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William empson and the common sense of theory

Reay-Jones, Robert. 2007. William empson and the common sense of theory. PhD Thesis, Cardiff University.

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Abstract

'As for teaching---I quite like talking to myself in public. The thing is to look at the blackboard or anyway not at the assembled frogs. They can read what you write on the board though they can't understand what you say. If you write steadily on the board and keep up a spoken patter, never waiting for signs of intelligence or making jokes, the hour gets through all right' (SL 40). Thus wrote William Empson from Japan in a letter to John Hayward in 1932. Empson's early experience as an English teacher in the Far East helped shape the formation of his ambivalent attitudes towards the varied audiences he felt himself compelled to address as a publicly-minded intellectual who always wrote in fear of the charges of elitism and solipsism. Yet there is a sense in which Empson was not always altogether able, nor perhaps even willing, to resist the trappings of solipsistic eccentricity. Aware of his own idiosyncratic critical vision, Empson struggled with the social and theoretical implications of the ultra-refined rationalising drive that motivated his analytical concentration on 'the words on the page'. And though as a critic with distinct and highly sophisticated philosophical inclinations, he was not averse to engaging in spirited controversy with contemporary academic theorists and philosophers, still he was also keen to foster a sense of common belonging with the 'ordinary tolerably informed reader', to cultivate a sense of pastoral intimacy with a broader, non-specialised community, the 'assembled frogs' in the classroom and beyond. The resulting tension in his work between the democratic, commonsensical impulse of a publicly-minded intellectual speaking for our common 'social experience' (a key Empson phrase), translating for the greatest possible number, and the unarticulated, elitist products of an idiosyncratic critical consciousness, is the central topic of this dissertation. Empson scholar-theorists have often dealt elliptically with this sturdy resistance to theory by stressing the man's 'common sense rationalism' (Christopher Norris), the 'reasonableness' (Paul Fry) of a 'reluctant metacritic' (John HafTenden) keen to resist the professionalization of Eng. Lit. in its varied 'bother-headed theoretical' forms. Yet both Empson's homespun rationalism and his resistance to theory are shot through with tensions similar to those which structure his difficult attempt to reconcile the conflicting voices of articulate populism and elitist marginality. The recent publication of Haffenden's two-volume biography (OUP 2005-2006) and of his edition of the Selected Letters (OUP 2006), as well as the forthcoming publication of a collection of essays edited by Matthew Bevis entitled Some Versions of Empson (OUP 2007), give Empson scholars and enthusiasts an opportunity to reflect on the ambiguities of Empson's theoretical and pedagogical legacy.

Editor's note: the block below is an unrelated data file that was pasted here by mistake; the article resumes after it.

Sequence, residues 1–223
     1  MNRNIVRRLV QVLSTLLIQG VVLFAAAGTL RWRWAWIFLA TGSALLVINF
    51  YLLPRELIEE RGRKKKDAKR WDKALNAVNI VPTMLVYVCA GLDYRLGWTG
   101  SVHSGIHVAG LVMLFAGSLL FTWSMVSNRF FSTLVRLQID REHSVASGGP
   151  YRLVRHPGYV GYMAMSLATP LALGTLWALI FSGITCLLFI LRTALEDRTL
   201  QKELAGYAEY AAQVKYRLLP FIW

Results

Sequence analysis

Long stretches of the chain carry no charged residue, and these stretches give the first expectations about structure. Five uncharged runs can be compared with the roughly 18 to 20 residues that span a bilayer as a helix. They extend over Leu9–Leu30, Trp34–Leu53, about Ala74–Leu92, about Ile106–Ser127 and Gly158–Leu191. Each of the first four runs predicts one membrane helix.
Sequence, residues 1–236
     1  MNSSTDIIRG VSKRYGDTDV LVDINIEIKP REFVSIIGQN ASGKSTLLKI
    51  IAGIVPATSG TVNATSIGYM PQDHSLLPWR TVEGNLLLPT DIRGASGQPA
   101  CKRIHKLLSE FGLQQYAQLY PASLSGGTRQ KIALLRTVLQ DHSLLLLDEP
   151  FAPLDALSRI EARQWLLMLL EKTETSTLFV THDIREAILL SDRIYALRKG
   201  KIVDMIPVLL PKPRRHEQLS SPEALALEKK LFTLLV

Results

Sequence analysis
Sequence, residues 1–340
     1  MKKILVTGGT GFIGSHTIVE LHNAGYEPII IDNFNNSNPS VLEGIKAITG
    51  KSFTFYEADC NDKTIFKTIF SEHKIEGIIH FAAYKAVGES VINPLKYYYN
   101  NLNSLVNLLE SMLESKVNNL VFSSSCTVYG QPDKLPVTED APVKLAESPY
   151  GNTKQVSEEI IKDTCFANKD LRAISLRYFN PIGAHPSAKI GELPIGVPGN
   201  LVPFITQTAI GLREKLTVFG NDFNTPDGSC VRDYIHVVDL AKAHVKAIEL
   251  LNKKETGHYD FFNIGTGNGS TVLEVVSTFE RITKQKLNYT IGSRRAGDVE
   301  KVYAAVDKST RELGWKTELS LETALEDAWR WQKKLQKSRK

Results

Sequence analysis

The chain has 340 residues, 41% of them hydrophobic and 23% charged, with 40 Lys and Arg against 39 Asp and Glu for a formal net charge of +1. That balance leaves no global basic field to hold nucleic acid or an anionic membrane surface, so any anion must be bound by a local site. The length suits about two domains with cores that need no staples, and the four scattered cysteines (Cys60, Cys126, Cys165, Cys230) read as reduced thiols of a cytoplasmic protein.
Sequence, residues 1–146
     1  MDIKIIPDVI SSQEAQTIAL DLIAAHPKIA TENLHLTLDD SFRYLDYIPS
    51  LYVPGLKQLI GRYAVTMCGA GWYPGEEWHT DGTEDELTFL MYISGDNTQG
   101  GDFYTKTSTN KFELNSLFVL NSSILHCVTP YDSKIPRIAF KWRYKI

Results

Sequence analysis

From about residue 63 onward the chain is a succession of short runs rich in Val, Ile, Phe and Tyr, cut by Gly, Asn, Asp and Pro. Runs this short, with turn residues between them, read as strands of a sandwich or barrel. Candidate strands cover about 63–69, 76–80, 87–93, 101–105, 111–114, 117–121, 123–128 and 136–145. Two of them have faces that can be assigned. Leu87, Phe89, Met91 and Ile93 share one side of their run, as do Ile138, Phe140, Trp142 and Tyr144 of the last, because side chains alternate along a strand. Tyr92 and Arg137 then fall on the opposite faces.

Item Type: Thesis (PhD)
Status: Unpublished
Schools: English, Communication and Philosophy
Subjects: B Philosophy. Psychology. Religion > B Philosophy (General)
ISBN: 9781303208508
Funders: Arts and Humanities Research Council
Date of First Compliant Deposit: 30 March 2016
Last Modified: 31 Jan 2020 08:59
URI: http://orca.cf.ac.uk/id/eprint/56175

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